Budget 2020, Coronavirus - the implications on Business Rates on Empty Properties
Chancellor Rishi Sunak's first Budget came as attention is focused on Coronavirus and a lot of his measures reflected the immediate impact to individuals and to small businesses. Since then he has made several decisions in order to help the business community and the public in general. The situation is changing daily and we are monitoring the effect for landlords with unlet commercial properties.
This page does not dwell on the effect of his decisions relating to let properties; there are a number of sites that have documented this. Instead, we are addressing the effect of decisions on unlet properties.
Effect of the Budget and Coronavirus Measures on Empty Properties
Rishi Sunak has done nothing to help a landlord who is unable to let their premises. The landlord has the usual Void period (normally 3 months, 6 months on industrial units) where no rates are paid. However, thereafter, the landlord is left paying full rates. It appears that the policy has been to let asset holders bear some of the costs. In fact, to make matters work, as businesses go out of business, the landlord will need to pay business rates, even though there is no chance of letting properties.
Ways to Save Money
Though not related to Business Rates, it can be worth investigating Statuary Sick Pay for staff if the company who are off with Coronavirus is owned by a Company.
The cash grant for small companies, which may be applicable for SPVs set up to manage a single property.
There are a number of ways to reduce the business rates liability whilst staying within the rules laid down by government. These have not changed by the recent government decisions. I have outlined 4 approaches that have been adopted by companies:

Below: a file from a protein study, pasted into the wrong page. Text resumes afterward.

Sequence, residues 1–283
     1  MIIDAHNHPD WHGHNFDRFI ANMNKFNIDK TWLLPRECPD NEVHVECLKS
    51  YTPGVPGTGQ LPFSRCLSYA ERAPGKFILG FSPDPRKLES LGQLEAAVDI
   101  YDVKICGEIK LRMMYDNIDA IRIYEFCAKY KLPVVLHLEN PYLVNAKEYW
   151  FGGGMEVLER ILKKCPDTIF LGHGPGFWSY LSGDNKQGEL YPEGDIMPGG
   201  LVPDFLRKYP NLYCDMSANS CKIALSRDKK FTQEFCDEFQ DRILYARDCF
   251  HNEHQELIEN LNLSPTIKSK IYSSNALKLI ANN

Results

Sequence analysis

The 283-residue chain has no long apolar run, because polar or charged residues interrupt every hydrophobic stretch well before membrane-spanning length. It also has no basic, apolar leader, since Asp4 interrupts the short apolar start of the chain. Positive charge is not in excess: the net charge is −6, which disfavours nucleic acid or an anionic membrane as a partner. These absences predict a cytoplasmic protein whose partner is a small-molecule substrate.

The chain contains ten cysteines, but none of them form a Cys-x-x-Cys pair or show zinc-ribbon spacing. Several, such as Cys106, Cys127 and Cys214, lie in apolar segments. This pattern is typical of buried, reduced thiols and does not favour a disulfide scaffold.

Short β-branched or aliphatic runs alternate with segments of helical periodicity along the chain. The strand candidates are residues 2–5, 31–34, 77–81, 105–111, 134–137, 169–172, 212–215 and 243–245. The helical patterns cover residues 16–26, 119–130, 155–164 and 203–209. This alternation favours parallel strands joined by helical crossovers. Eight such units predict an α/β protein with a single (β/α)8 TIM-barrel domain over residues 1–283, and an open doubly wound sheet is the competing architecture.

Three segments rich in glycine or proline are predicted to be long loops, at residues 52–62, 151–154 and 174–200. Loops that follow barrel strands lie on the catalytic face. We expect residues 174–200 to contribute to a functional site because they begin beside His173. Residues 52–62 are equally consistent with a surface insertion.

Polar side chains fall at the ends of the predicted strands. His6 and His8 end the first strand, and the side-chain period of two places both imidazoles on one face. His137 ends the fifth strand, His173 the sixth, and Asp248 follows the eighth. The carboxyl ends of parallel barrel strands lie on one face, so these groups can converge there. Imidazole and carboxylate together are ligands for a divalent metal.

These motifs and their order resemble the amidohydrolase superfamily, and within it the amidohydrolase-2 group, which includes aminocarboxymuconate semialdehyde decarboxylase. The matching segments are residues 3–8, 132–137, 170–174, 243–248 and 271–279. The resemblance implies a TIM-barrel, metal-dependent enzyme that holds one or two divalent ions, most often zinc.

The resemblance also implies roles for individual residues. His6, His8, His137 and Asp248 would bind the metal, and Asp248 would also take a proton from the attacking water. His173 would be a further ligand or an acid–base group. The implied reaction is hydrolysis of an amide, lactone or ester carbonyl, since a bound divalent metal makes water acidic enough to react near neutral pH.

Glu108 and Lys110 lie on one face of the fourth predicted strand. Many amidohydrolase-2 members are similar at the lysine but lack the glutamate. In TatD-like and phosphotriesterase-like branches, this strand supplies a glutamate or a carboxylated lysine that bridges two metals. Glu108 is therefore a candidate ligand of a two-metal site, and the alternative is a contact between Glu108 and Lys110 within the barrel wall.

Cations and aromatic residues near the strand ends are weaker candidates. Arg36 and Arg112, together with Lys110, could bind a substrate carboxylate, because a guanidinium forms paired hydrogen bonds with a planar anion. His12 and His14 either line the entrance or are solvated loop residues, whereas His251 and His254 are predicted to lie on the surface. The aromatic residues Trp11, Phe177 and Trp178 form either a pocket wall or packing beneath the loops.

The void period can be used repeatedly – create a lease for 6 weeks, which triggers a new void period. This saves rates during the Void period, but full rates are payable for the 6 weeks. This can be applied to all types of premises, but is most cost-effective for industrial units where the Void period is 6 months.
Partitioning of retail units so that the Rateable Value is less than £51,000 and moved into separate companies. This may require some work to ensure that the premises really are separate and not a sham and companies established for each set of premises. The council would then need to be approached for a reassessment of rates and this may be a long and costly process.
No business rates are payable if a property is unusable. If a property is due to be redeveloped, it can be a cost-saving to partially demolish it as soon as possible and therefore reduce the rates liability to zero.
The final method, and probably the most effective solution, is the Lincoln approach which can be used on all properties where business rates are payable. We create tenancies with a number of small charities and manage the relation with the local council to remove the landlord’s commercial rates liability. The result is that the landlord pays no rates for the full period that the tenancy is in operation.